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Today, we present a thorough tutorial on how to take advantage of the BeagleBone Black to implement programmable logic.
This is a very easy procedure. It is browser-based, and you just need to drag and drop your programming files into the beagle, wait a few seconds…and done! That simple!
The recommendation is to start with small CPLDs, but if you feel confident you can start off directly with a FPGA.
You wouldn´t like to miss this, so read it carefully!
A CPLD (Complex Programme Logic Device) is a very useful tool in the hands of a techie. Their complexity comes between a PALs and an FPGA, and architectural features of both. As implied by its name, these chips can be programmed to meet the logic functions that suit your needs. In this amazing tutorial, Bill Herd shows us how to build a CPLD module using Project files, an Oscillator and a PCB.
Synthesizer fans are usually fond of programming them. In the following article, you’ll find out about the author’s approach to program every instrument at a time. Moreover, when reproducing the complex sounds of a particular instrument, the author breaks up the formulas into several articles and details how he got the results.
Google Glass, Oculus Rift, head mounted displays are becoming a reality and the number of their users is on the rise. But have you ever heard of lenses made with a 3D printer? Well, all that was required is: a CAD model, a 3D printer, and silicone mold material! Are they operational? Yes sir! An iPhone can even be attached to a homemade head mounted display (once again) to view 3D videos and images!
There are tons of ways of creating a home-made microcontroller. Today we present a very detailed tutorial on how to achieve this using the rotary encoder from the scroll button of a mouse.
This is part 5 of a series. The goal here is to achieve a constant frequency signal at the output of the Papilio Pro and be able to vary the duty cycle just turning the wheel of the mouse. The other parts of the series would teach how to wire the whole circuitry as well as how to capture the encoder info for the different modules. Have fun!
The first successful flight of a drone, or unmanned air vehicle (UAV) running on ArduPilot was recently announced.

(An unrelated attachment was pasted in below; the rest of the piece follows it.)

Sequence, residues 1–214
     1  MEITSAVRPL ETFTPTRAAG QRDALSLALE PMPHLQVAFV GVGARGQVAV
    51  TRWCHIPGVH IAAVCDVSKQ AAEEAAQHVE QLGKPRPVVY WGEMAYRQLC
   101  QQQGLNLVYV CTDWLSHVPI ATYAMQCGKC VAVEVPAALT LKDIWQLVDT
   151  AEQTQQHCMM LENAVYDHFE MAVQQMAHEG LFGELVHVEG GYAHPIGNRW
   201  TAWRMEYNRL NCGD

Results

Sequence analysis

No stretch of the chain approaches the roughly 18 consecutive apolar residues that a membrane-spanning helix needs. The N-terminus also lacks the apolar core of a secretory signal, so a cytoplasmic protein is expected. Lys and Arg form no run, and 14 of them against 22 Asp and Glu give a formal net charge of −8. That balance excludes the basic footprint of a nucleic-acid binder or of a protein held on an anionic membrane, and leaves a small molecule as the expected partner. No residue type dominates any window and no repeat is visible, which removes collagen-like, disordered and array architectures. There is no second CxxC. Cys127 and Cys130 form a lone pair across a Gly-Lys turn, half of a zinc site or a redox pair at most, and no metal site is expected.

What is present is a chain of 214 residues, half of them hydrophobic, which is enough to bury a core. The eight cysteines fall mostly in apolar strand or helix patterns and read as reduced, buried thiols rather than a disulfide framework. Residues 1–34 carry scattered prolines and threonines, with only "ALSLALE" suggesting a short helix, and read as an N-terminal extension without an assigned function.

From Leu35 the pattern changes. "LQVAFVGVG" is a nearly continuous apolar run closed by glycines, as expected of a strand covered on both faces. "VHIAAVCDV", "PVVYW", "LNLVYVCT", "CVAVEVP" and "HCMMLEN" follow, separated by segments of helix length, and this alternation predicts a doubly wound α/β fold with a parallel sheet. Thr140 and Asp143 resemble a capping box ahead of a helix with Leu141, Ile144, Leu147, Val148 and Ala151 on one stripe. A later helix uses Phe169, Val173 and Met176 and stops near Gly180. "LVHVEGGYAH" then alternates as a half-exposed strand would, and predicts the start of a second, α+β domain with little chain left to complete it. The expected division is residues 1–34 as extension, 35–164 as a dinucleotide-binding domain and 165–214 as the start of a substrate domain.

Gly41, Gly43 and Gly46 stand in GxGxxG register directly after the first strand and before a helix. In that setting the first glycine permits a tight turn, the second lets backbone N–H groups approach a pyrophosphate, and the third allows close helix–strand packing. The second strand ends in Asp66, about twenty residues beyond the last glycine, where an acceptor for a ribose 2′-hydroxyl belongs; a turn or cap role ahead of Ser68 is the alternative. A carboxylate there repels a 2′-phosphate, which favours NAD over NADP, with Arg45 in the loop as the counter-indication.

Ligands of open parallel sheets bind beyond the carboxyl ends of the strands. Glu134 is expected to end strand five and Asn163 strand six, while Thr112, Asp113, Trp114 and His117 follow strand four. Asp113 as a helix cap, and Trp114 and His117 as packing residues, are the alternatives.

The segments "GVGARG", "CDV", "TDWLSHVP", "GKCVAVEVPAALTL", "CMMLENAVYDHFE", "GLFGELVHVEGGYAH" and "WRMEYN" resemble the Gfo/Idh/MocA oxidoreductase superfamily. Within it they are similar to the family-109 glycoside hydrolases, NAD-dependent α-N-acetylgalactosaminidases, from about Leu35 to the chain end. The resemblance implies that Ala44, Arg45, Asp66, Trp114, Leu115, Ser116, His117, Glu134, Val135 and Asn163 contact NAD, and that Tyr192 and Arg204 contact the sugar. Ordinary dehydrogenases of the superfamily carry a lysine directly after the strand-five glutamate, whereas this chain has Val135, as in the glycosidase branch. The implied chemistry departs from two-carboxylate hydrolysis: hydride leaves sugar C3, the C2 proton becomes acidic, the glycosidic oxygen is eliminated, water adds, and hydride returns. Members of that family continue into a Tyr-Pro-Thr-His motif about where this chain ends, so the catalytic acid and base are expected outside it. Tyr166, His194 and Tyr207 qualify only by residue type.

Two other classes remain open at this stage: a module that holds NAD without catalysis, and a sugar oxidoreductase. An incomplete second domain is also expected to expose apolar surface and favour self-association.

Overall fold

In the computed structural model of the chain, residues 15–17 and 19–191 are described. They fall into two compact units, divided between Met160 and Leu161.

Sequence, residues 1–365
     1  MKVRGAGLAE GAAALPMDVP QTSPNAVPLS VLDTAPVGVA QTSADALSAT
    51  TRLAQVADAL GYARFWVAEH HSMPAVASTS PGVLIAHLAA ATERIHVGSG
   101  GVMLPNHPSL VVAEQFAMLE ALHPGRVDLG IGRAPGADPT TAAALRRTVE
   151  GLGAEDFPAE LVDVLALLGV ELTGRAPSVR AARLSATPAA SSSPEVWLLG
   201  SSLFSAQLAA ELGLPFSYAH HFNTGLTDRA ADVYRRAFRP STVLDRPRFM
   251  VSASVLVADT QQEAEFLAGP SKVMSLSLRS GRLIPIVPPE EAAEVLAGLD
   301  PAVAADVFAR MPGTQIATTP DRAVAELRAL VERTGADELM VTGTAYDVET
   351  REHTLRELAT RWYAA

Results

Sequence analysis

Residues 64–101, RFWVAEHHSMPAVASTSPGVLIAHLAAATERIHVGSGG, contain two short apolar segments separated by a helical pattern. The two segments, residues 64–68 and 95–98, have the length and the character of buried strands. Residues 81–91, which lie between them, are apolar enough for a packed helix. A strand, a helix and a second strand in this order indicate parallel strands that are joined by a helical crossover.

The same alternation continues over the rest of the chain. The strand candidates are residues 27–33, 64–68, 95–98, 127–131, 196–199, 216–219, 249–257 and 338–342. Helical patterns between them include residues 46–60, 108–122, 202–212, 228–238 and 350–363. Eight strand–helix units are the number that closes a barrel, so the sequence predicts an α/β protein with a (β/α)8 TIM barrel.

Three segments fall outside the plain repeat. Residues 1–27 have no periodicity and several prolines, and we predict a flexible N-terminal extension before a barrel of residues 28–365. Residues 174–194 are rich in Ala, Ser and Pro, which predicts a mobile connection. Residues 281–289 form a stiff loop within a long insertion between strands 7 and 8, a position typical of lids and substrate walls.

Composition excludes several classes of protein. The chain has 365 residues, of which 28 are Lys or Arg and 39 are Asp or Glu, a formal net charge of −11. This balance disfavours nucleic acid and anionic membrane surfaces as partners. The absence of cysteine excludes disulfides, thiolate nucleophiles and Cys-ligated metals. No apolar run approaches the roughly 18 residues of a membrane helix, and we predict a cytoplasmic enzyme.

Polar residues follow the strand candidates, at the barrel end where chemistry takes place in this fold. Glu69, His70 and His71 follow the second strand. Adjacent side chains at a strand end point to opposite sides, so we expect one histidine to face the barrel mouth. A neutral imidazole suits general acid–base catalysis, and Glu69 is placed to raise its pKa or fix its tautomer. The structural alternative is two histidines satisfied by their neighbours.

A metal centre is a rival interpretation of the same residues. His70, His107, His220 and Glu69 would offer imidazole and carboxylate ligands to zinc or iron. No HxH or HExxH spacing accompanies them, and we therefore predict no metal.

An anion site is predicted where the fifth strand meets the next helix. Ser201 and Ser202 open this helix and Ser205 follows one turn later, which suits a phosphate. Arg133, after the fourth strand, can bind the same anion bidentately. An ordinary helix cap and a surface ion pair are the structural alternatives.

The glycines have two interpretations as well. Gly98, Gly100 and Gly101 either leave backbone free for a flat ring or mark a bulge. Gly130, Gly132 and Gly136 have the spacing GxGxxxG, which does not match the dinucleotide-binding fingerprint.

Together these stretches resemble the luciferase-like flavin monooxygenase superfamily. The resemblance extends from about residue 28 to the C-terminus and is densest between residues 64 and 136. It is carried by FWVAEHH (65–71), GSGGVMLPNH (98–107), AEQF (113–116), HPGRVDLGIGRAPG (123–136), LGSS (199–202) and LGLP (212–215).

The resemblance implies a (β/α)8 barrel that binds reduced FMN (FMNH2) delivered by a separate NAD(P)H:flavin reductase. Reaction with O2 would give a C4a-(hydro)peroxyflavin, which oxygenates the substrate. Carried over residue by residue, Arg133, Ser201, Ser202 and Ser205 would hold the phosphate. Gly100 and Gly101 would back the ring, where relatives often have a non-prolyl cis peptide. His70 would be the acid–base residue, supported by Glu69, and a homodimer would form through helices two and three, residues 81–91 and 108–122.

This UAV is powered by a Zynq, a dual-core ARM with an onboard FPGA. This FPGA makes the difference, leaving alone the first flight of a drone using ArduPilot. Using this FPGA allows the controller to handle real-time control tasks including video feeds and flight dynamics much quicker and more efficiently.
The code implemented will be published on the OcPoc project, an open source initiative with Dronecode.
after a few years being forced to play with other targets, I revisited the Papilio One and ported my in-house ‘MaSoCist’ setup to it. Yet another solution, you might think. Well, the motivation was to go minimal, but configureable. The MaSoCist is different in that respect that it rather is an environment than an actual design, however it is powered by the resource-saving ZPU architecture by default. The original Zealot ZPU variant, enhanced with a bit of debug logic, is doing an ok job for configuration, but is wasting quite a few cycles on the dual port RAM I/O and had shortcomings on the interrupt handling side, so I had bashed out a pipelined variant which does things a little differently. It’s been in use as configuration processor or even test bench for more complex logic so far. Logic usage is a little higher than the original Zealot. The full SoC with UART, PWM, Timer, IRQ controller, and simple Cache logic for virtual adressing of a SPI flash takes less than 50% of the Papilio One.
Currently, the CPU is running at 32 MHz only. There’s more in for it, if the memory system and fetch logic is improved (v2, in the making). The v0 and v1 variant of the core run on a three-stage pipeline.
Anyhow, I managed to upload a (crappy) video, moving pictures speak more: